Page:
In December 2017, changes were made to Canada’s Employment Insurance (“EI”) regime concerning maternity, parental, and caregiving benefits under the Employment Insurance Act.
Since December 3, 2017, new parents have had the option of receiving EI benefits over an extended period of time. Previously, new parents were able to claim EI benefits for a period of up to 35 weeks at 55% of average weekly earnings, subject to a maximum of $543.00 per week. This “standard” option is still available; however, a new “extended” option permits new parents to choose to receive combined EI maternity and parental benefits over a 61 week period at 33% of average weekly earnings, to a maximum of $326.00 per week. The extended option does not change the total dollar value of EI parental benefits, but rather spreads the payments over a longer period of time.
Mothers are also able to claim EI maternity benefits earlier, up to 12 weeks prior to their due date, which is an expansion from the current window of 8 weeks.
A new Parental Sharing Benefit, available since March 2019, gives new parents between five and eight additional weeks of parental leave, when both parents agree to share the parental leave. Under the standard option, parents can extend the benefit to 40 weeks when the second parent takes five weeks of leave. Under the extended option, parents can extend the benefit to 69 weeks when the second parent takes eight weeks of leave.
Employees who take leaves from work for the purpose of providing care to critically ill or injured adult family members are now eligible to receive EI payments for up to a 15- week period (which may be shared amongst eligible family members). Previously, this benefit only existed for parents of a critically ill child.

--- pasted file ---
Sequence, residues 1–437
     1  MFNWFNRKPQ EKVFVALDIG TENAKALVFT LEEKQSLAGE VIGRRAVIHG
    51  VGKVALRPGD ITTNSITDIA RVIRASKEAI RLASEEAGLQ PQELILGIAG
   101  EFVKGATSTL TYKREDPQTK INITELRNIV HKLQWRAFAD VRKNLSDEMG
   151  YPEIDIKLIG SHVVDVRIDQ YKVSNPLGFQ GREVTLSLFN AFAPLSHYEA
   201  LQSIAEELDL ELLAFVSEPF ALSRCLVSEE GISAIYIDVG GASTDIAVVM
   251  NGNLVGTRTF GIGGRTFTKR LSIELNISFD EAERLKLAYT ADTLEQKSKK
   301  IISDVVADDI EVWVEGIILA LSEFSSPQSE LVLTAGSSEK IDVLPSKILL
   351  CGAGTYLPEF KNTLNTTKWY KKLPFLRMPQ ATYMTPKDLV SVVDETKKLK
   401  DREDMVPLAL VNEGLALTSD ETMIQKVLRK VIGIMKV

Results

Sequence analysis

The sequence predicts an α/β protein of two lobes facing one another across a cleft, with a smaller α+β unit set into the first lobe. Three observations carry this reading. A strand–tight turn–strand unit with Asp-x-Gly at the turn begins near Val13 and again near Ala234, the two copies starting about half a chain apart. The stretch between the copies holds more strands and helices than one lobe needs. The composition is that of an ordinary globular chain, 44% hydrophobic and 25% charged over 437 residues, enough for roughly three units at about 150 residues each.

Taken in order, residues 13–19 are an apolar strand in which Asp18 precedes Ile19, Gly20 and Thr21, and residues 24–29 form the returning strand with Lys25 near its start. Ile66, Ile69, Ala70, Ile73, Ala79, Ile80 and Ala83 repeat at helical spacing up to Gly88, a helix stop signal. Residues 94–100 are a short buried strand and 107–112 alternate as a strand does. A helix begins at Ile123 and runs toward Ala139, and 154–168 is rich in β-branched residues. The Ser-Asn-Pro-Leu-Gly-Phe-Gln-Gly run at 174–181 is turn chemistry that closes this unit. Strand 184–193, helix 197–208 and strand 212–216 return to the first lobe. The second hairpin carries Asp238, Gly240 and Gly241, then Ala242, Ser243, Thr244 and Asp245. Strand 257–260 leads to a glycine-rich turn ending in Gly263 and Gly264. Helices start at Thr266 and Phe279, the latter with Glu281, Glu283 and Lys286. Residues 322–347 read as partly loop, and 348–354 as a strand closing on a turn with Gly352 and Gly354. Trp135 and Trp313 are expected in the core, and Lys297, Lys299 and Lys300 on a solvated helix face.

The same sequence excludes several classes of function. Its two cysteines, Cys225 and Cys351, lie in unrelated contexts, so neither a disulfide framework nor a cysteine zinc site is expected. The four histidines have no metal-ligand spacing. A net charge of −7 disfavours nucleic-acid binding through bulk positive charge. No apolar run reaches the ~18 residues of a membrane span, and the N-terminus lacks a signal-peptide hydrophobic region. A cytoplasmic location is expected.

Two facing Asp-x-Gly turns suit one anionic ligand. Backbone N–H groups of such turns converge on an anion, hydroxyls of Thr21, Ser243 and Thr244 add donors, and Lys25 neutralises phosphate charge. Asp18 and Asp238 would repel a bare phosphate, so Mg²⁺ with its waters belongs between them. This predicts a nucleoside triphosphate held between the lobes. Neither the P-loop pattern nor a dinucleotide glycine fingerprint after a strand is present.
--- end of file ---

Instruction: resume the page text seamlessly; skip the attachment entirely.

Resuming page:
Impact on Employers
The Canada Labour Code has been amended such that workers in federally regulated sectors have job protection leave periods that match the periods of time over which they can now receive EI benefits.
Federally regulated employers in British Columbia should review their existing leave policies to ensure they comply with the new rules. Additionally, if an employer is currently offering a maternity leave top-up program, these changes may result in some unexpected new costs where an employee opts to receive lesser EI payments over a longer period of time, depending on the language of the top-up program.
For provincially regulated employers in British Columbia, the statutorily protected leave periods concerning pregnancy, parental, and compassionate care leaves, among others, have recently changed. For more information on these changes, please refer to the accompanying articles on Compassionate Care Leave and Pregnancy & Parental Leaves.
This Article was provided by Ryan Anderson and Natasha Jategaonkar, employment lawyers with Mathews Dinsdale & Clark LLP. The information provided in this article is necessarily of a general nature and must not be regarded as legal advice. For more information about Mathews Dinsdale & Clark LLP, please visit mathewsdinsdale.com.